6. In other circumstances, this might have been an internal affair for each country. But the whole problem is transformed by the fact that these Communist parties derive their strength from the support they receive from a formidable national State. The Soviet Union and its satellites now form a solid political and economic bloc extending from the Mediterranean to the Pacific. From behind these secure entrenchments the Soviet Government are exerting constantly increasing pressure which threatens the whole fabric of civilisation, religious, political, cultural and material, as we know it. In some countries the danger is still latent, but in Germany, France, Trieste, Italy, Greece, Burma, Malaya and China the conflicting forces are already at grips with one another. This policy is sustained in every country, to a greater or lesser degree, by the Communist parties. The aim of this pressure is to accelerate what Communists believe to be an inevitable process, the downfall of the free democracies and their replacement by the Marxist State. They believe that time is on their side, and would prefer to achieve their ends by political means rather than by war. They regard constant friction and struggle as only natural in the relations between Communist and non-Communist States, and have no interest whatever in the establishment of orderly and prosperous conditions for the common man in the non-Communist world. While their strategy is fixed, their tactics are opportunist and flexible.
7. In pursuit of these aims, the policy of the Soviet Government has five main facets:-
(a) first, the consolidation of Soviet strategic security by the establishment of a belt of subservient States around the frontiers of the Soviet Union.
(b) second, the restoration of Soviet economy and its development to a point where it will rival and eventually outstrip that of the United States.
(c) third, the avoidance of a major war unless a Soviet vital interest is menaced or conditions are judged to be sufficiently favourable to the Soviet Union.
(d) fourth, the continued aggressive promotion of Communism by all means short of a major war throughout the non-Communist world.
(e) fifth, an endeavour to weaken and disintegrate the non- Communist world, by political infiltration, leading to unrest and economic distress, by the promotion of civil war in independent countries, and by the fostering of revolutionary movements and unrest in non-self-governing territories or those under trusteeship.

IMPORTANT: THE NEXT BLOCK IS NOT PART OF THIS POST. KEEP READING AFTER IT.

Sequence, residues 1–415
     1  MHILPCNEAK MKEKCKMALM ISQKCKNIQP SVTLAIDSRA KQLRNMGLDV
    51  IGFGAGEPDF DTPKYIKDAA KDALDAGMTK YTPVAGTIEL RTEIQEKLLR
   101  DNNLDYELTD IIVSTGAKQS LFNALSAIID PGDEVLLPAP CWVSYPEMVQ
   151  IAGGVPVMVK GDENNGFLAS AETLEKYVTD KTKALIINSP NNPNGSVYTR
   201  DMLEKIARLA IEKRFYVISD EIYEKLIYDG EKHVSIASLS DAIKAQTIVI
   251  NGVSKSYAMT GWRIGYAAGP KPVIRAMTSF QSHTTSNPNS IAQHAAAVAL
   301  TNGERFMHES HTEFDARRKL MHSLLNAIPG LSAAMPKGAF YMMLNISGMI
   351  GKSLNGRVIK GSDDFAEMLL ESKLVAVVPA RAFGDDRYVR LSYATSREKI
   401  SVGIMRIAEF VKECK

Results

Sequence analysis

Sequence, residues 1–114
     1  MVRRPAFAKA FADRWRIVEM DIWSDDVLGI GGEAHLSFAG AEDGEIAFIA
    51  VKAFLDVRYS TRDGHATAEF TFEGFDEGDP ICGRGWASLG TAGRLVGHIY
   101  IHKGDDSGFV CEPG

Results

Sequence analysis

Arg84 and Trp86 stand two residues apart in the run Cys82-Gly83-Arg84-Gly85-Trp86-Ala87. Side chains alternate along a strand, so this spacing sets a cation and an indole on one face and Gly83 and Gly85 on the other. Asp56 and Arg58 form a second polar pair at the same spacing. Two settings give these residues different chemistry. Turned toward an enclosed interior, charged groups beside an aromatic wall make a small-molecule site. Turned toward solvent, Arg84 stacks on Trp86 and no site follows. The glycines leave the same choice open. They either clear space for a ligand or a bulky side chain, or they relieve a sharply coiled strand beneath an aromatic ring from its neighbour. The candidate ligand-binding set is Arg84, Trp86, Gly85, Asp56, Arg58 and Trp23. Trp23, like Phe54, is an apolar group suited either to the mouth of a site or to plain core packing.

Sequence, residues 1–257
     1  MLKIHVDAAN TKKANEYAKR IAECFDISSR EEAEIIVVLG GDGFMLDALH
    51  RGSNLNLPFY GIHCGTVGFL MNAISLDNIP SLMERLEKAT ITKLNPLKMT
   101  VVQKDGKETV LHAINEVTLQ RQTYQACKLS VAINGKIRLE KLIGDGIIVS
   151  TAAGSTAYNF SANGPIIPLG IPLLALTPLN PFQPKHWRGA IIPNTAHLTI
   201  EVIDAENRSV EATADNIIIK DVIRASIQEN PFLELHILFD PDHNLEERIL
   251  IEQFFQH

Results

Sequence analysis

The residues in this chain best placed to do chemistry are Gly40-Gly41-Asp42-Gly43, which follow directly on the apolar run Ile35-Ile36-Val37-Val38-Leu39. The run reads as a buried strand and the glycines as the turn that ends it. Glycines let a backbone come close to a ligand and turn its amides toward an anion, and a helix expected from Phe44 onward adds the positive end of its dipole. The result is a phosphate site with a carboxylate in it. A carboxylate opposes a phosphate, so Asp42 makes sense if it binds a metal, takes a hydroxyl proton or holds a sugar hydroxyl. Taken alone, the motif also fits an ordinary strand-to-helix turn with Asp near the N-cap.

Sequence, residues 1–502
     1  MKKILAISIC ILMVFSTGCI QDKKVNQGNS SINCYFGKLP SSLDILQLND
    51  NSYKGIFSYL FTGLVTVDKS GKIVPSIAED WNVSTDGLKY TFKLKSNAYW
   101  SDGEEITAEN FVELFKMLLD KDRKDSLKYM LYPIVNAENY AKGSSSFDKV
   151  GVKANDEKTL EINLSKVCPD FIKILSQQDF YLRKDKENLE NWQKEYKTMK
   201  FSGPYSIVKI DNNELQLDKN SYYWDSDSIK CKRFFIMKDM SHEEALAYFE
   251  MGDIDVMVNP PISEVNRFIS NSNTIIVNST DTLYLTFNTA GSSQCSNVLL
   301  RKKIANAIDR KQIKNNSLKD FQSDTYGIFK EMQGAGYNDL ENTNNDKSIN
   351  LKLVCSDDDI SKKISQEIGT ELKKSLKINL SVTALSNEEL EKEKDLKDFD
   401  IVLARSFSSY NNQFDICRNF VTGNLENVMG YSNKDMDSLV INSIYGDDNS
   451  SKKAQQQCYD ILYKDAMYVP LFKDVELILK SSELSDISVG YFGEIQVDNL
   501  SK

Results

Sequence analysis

This policy, if pursued, will inevitably lead to a clash.
8. The United Kingdom Government have taken into account what military strength the Soviet Union possesses as a backing for her policy.
9. It is unlikely that before the end of the second post-war Five- Year Plan the Soviet Union will be capable of supporting her armed forces in a major war entirely from the natural resources and industrial potential now under her control. Nevertheless, if the Soviet Union wished to go to war and felt confident of attaining her primary objectives rapidly, economic considerations would not in themselves be enough to prevent her from doing so.
10. The Soviet armed forces, despite certain deficiencies, could embark on a land war at any time and would, at least in the early stages, have the advantage of numbers against any likely combination of opposing forces. But in any major war that started before 1956-60, the fact that Russia's industrial plan was not complete would, as hostilities continued, tend increasingly to counterbalance her advantage in terms of numbers. Moreover, the strategic air situation is, at least at present, unfavourable to the Soviet Union; her air striking force, although making great efforts towards technical parity with the Royal Air Force, is still comparatively backward. She could thus not yet count upon a reasonable degree of immunity for her centres of population and industry from serious air attack. Her future readiness to embark upon a major war is likely therefore to be conditioned by consideration of her own air power in relation to that of probable opponents.